While the industry’s average annual wages exceed the average paid across all industries in the state – by nearly $10,000 in 2017, the premium paid in manufacturing has been trending down. In 2001, the industry’s average wage was 126 percent of the statewide average. Last year, manufacturers paid an average of 121 percent of the state average wage, according to data from the U.S. Bureau of Labor Statistics.

Wisconsin’s manufacturing employment declines since 2000, however, have not been as severe as the country as a whole, the report found.

The authors don’t make a determination on whether the tax advantages and direct incentives are a good use of public money, but they do suggest a number of things for policy makers to consider, including:

  • The unique role manufacturers play in employing individuals without a four-year degree at higher than average wages.
  • The potential benefit of other state support including customized job training or consulting services through organizations like the Wisconsin Manufacturing Extension Partnership.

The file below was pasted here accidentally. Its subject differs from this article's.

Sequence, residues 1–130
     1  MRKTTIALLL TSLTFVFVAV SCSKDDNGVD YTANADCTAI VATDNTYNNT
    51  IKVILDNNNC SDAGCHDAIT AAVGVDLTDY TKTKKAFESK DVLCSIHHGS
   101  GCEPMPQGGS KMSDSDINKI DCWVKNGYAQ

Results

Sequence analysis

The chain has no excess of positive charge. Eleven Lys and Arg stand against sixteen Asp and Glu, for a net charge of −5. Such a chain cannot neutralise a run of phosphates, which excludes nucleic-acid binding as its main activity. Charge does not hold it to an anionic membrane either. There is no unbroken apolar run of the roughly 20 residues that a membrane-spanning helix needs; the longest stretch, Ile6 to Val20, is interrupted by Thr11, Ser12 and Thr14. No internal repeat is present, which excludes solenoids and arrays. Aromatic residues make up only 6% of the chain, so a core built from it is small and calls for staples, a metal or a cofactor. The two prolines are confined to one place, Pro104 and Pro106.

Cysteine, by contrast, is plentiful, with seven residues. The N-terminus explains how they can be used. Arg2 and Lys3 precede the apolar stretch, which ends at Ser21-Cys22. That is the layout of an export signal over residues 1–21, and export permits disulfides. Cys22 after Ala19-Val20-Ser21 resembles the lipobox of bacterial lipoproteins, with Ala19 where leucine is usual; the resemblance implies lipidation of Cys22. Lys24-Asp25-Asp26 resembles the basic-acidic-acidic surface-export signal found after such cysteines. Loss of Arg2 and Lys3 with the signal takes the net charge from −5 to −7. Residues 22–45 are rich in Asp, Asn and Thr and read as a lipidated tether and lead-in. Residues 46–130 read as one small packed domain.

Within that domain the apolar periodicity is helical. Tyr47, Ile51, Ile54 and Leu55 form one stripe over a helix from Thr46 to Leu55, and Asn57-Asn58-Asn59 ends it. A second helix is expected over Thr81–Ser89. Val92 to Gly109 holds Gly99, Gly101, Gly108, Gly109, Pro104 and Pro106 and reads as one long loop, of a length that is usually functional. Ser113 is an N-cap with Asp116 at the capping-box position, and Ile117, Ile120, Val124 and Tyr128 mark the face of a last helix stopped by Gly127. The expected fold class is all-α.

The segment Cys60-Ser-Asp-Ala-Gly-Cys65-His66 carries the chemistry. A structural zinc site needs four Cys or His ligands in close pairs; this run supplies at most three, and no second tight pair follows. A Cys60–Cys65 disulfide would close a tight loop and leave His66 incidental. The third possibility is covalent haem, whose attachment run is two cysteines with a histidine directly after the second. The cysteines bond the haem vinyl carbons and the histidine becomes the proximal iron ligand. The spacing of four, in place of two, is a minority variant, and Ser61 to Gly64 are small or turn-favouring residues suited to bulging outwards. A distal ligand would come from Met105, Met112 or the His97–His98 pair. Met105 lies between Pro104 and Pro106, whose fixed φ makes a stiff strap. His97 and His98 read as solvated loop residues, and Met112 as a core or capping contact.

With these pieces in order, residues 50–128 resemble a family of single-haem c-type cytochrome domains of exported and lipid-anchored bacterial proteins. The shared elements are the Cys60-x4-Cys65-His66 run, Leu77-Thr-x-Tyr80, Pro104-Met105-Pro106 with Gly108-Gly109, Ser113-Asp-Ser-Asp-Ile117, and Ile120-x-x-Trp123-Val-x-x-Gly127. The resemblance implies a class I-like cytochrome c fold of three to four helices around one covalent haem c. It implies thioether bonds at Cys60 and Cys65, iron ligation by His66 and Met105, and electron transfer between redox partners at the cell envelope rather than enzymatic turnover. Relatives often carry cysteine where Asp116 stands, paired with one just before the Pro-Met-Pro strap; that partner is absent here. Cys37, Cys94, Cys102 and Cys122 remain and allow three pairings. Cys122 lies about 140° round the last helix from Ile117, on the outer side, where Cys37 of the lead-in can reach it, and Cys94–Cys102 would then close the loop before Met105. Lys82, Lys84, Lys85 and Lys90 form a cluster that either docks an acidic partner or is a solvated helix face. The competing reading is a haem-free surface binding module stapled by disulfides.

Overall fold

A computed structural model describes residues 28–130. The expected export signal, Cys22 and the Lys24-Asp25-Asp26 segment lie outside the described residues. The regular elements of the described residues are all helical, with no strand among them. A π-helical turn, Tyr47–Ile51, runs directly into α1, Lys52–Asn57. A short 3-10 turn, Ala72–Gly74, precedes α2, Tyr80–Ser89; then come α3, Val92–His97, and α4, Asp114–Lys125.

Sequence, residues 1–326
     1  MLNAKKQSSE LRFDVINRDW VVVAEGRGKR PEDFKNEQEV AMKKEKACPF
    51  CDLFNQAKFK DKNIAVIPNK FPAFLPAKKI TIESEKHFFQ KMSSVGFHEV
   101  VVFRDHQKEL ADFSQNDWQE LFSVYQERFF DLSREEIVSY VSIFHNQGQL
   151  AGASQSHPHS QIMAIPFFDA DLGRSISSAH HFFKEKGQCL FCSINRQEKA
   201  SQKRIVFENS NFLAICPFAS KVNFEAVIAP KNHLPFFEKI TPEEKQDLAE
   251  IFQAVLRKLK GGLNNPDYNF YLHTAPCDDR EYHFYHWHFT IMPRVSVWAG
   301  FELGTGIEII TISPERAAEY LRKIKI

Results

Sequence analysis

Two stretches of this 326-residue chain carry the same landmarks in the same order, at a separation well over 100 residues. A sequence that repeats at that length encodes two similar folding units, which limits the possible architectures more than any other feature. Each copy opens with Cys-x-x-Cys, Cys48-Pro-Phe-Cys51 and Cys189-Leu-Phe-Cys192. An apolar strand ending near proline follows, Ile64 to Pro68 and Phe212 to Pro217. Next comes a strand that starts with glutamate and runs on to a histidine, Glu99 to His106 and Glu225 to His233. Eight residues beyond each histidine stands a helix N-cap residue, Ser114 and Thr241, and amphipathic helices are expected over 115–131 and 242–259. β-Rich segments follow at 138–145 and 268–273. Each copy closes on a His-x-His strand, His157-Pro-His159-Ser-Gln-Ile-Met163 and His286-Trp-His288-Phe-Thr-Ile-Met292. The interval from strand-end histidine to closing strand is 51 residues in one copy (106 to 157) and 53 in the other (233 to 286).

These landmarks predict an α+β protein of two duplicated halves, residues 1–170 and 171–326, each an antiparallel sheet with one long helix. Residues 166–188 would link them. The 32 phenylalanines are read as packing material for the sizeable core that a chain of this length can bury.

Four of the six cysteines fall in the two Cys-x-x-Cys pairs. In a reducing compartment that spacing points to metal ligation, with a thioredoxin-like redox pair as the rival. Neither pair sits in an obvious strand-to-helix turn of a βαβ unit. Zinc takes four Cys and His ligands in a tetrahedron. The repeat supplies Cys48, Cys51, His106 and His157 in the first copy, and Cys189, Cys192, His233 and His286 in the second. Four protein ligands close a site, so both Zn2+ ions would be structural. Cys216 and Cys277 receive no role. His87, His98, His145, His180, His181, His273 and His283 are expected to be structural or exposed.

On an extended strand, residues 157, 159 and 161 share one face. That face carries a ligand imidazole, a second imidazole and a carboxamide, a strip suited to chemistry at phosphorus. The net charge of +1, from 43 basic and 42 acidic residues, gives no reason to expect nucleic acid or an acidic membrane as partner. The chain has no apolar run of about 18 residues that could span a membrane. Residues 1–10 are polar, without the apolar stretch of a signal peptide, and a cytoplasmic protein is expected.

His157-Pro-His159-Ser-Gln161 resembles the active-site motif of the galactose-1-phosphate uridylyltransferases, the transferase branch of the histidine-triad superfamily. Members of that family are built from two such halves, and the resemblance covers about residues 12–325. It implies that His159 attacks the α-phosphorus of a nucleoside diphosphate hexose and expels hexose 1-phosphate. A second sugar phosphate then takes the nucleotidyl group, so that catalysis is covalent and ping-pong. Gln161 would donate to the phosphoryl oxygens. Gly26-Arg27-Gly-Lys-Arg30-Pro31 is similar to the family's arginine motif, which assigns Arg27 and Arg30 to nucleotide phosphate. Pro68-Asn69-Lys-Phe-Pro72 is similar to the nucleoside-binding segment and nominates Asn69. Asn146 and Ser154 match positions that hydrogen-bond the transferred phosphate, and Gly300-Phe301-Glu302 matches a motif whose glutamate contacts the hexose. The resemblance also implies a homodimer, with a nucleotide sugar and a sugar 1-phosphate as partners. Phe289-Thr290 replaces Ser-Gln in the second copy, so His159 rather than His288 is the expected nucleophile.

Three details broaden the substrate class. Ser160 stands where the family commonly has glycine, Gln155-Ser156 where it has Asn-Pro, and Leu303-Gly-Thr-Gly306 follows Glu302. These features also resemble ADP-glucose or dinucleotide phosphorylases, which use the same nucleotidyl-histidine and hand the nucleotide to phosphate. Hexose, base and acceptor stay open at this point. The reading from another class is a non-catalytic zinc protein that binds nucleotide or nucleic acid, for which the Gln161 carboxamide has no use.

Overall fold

• The potential for job gains or losses within certain sectors of the manufacturing industry.
  • State support for the industry offered by other states, particularly in the surrounding area.

“Balancing these complex and often competing questions is not just an economic exercise,” the report says. “It has been and likely will continue to be a political question.”

Read more economic data reports at the BizTracker page.

Wisconsin manufacturers received nearly $1 billion in state aid in 2016, including more than double the state incentives from the Wisconsin Economic Development Corp. than the industry’s economic output and workforce would suggest, according to a new report from the Wisconsin Policy Forum.

manufacturing activity

The report, however, also notes that manufacturers pledge more jobs than other industries for their incentives, pay above average wages and make up a significant but shrinking portion of the state’s economy.

The Wisconsin Policy Forum says the report is not an effort to resolve debates about whether manufacturers should receive state support or how much. Instead, the authors say the report is intended to examine the size and scope of the benefits the industry gets and its role in the state’s economy.

Manufacturers received an estimated $928.1 million in tax exemptions and incentives in 2016, the report found, up from $724.5 million in 2008. A large portion of the increase, $193.2 million, came from the manufacturing and agriculture income tax credit, which eliminates almost all state income tax liability for businesses in those industries.

Other state support for the industry included personal property tax exemptions, valued at $313.4 million in 2016, machinery sales tax exemptions, a $210.4 million benefit, and fuel and electricity sales tax exemptions, valued at $125.6 million.